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Gum Treatment
So, you have gum disease. Are you wondering what your options for gum treatment are? Well, thankfully, there are a variety of treatments available depending on the stage of the disease, how you may have responded to earlier treatments, and your overall health.
There are both surgical and non-surgical options for gum treatment available. Nonsurgical therapies control bacterial growth and surgical therapies restore supportive tissues.
Non-surgical Treatments for Gum Disease
If you are hoping to go the non-surgical route, here are some of your options:

  • Professional dental cleaning. During a typical checkup your dentist or dental hygienist will remove the plaque and tartar from above and below the gum line of all teeth. If you have some signs of gum disease, we may recommend professional dental cleaning more than twice-a-year. While dental cleanings are not a treatment for active gum disease, they cn help prevent it!
  • Scaling and root planing. This is a deep-cleaning, nonsurgical procedure, done under a local anesthetic, where plaque and tartar from above and below the gum line are scraped away (scaling) and rough spots on the tooth root are made smooth (planing). Smoothing the rough spots removes bacteria and provides a clean surface for the gums to reattach to the teeth. Scaling and root planing is done if we determine that you have plaque and tartar under the gums that needs to be removed.

Surgical Treatments for Gum Disease
If necessary, you may have to have surgery done. Here are some surgical gum treatment options:

  • Flap surgery/pocket reduction surgery. During this procedure, the gums are lifted back so that tarter can be removed. In some cases, irregular surfaces of the damaged bone are smoothed to limit areas where disease-causing bacteria can hide. The gums are then placed so that the tissue fits tightly around the tooth. This method reduces the gap between the gum and tooth, thereby decreasing the areas where harmful bacteria can grow and decreasing the chance of serious health problems associated with periodontal disease.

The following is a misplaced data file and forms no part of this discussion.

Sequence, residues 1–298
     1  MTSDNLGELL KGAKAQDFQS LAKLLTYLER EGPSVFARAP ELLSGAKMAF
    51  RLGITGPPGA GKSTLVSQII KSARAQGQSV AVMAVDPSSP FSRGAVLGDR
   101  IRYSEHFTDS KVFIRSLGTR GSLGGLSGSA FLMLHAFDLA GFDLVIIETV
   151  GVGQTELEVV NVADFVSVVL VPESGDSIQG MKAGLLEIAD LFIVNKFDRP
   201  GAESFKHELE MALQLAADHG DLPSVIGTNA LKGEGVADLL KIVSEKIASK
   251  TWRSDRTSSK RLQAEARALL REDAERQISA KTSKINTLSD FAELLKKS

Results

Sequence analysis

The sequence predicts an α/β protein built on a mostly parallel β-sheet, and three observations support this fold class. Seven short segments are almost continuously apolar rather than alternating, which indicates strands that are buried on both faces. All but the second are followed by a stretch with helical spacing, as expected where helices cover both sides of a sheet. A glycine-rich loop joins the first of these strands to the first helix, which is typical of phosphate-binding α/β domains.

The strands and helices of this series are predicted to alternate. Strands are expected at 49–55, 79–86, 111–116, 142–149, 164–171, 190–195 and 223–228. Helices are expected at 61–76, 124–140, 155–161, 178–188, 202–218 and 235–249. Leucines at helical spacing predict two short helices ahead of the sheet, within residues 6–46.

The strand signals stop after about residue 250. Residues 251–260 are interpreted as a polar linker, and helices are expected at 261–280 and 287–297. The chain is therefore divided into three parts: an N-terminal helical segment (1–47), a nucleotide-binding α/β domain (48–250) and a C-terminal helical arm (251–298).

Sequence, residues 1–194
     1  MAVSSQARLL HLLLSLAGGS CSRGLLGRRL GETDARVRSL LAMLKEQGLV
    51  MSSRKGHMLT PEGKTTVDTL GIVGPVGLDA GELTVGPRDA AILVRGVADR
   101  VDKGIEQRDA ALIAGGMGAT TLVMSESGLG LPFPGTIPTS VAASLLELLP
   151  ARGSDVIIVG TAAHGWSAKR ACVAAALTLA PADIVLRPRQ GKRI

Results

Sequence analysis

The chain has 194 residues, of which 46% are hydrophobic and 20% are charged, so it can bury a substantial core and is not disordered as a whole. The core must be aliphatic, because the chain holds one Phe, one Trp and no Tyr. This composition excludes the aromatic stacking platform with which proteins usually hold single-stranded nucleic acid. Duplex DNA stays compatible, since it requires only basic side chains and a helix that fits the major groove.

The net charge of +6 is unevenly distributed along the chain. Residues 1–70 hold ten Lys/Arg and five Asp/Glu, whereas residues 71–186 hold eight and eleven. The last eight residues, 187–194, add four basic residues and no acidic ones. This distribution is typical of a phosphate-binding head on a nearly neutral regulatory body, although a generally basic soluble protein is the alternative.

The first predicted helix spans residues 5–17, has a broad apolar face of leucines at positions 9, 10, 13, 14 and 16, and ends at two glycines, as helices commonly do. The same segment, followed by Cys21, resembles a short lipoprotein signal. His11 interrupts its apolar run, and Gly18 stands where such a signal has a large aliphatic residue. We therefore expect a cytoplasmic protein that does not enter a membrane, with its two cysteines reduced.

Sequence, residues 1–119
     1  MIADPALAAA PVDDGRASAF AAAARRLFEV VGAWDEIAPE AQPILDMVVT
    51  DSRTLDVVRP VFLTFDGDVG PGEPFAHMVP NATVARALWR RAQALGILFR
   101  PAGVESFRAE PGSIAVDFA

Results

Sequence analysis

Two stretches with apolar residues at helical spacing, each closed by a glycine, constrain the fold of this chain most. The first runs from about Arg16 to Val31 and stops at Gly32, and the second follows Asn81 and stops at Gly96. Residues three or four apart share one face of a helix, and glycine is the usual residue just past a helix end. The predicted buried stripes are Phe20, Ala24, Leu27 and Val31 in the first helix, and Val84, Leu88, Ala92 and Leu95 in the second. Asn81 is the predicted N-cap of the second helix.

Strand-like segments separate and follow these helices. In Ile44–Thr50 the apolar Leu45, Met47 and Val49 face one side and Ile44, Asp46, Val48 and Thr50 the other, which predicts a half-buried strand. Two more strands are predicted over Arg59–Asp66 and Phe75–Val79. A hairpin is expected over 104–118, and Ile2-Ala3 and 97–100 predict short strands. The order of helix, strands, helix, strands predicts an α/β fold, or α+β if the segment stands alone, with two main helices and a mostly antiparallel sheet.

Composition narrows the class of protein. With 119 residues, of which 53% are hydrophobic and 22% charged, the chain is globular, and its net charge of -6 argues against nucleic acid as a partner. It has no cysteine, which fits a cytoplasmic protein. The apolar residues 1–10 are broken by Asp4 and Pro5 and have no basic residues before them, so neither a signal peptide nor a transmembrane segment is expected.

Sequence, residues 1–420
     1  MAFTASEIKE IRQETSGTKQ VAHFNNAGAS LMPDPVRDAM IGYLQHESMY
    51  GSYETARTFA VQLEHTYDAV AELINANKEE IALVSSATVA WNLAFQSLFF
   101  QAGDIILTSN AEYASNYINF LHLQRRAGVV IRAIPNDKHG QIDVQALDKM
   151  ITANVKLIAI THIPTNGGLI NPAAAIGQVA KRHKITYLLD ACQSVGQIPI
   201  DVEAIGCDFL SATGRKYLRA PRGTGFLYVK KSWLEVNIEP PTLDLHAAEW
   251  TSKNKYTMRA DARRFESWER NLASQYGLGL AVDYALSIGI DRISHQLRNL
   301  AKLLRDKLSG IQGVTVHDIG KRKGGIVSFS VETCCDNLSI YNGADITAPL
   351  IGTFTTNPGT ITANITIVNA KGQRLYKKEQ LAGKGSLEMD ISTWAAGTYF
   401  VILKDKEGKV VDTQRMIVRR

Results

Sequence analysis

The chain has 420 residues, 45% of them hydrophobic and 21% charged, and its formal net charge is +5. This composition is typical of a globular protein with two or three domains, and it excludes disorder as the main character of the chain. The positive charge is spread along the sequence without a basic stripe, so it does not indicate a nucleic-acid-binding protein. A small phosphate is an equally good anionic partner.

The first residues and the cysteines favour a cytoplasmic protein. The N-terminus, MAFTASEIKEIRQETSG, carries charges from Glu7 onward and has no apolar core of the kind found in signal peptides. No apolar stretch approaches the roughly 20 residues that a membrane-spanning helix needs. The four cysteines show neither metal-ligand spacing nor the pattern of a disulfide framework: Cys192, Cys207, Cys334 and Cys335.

• Bone grafts. This procedure involves using fragments of your own bone, synthetic bone, or donated bone to replace bone destroyed by gum disease. The grafts serve as a platform for the regrowth of bone, which restores stability to teeth. New technology, called tissue engineering, encourages your own body to regenerate bone and tissue at an accelerated rate.
  • Soft tissue grafts. This procedure reinforces thin gums or fills in places where gums have receded. Grafted tissue, most often taken from the roof of the mouth, is stitched in place, adding tissue to the affected area.
  • Guided tissue regeneration. Performed when the bone supporting your teeth has been destroyed, this procedure stimulates bone and gum tissue growth. Done in combination with flap surgery, a small piece of mesh-like fabric is inserted between the bone and gum tissue. This keeps the gum tissue from growing into the area where the bone should be, allowing the bone and connective tissue to regrow to better support the teeth.
  • Bone surgery. Smoothens shallow craters in the bone due to moderate and advanced bone loss. Flap surgery must be done prior to bone surgery. After the flap surgery, the bone around the tooth is reshaped to decrease the craters. This makes it more difficult for bacteria to collect and grow.

In some patients, the nonsurgical procedure of scaling and root planing is all that is needed to treat gum disease. Surgery is necessary when the tissue around the teeth is unhealthy and cannot be repaired with nonsurgical options.
Drugs Used to Treat Gum Disease
Antibiotic treatments can be used either in combination with surgery and other therapies, or alone, to reduce or temporarily eliminate the bacteria associated with gum disease or suppress the destruction of the tooth’s attachment to the bone.
Chlorhexidine (marketed as the prescription-only brands Peridex, PerioChip, PerioGard, and by numerous other over-the-counter trade names) is an antimicrobial used to control plaque and gingivitis in the mouth or in periodontal pockets. The medication is available as a mouth rinse or as a gelatin-filled chip that is placed in pockets after root planing and releases the medication slowly over about 7 days. Other antibiotics, including doxycycline, tetracycline, and minocycline may also be used to treat gum disease, as determined by Dr. Kirol.
In addition, we recommend a nonprescription toothpaste that contains fluoride and an antibiotic to reduce plaque and gingivitis, called triclosan.
Are Special Preparations Needed Before Treatment for Gum Disease?
The time needed to perform the procedure, your degree of discomfort, and time needed to heal will vary from patient to patient depending on the type and extent of the procedure and your overall health. Local anesthesia may be used to numb the treatment area. If necessary, a medication may be given to help you relax. Make an appointment with us today!

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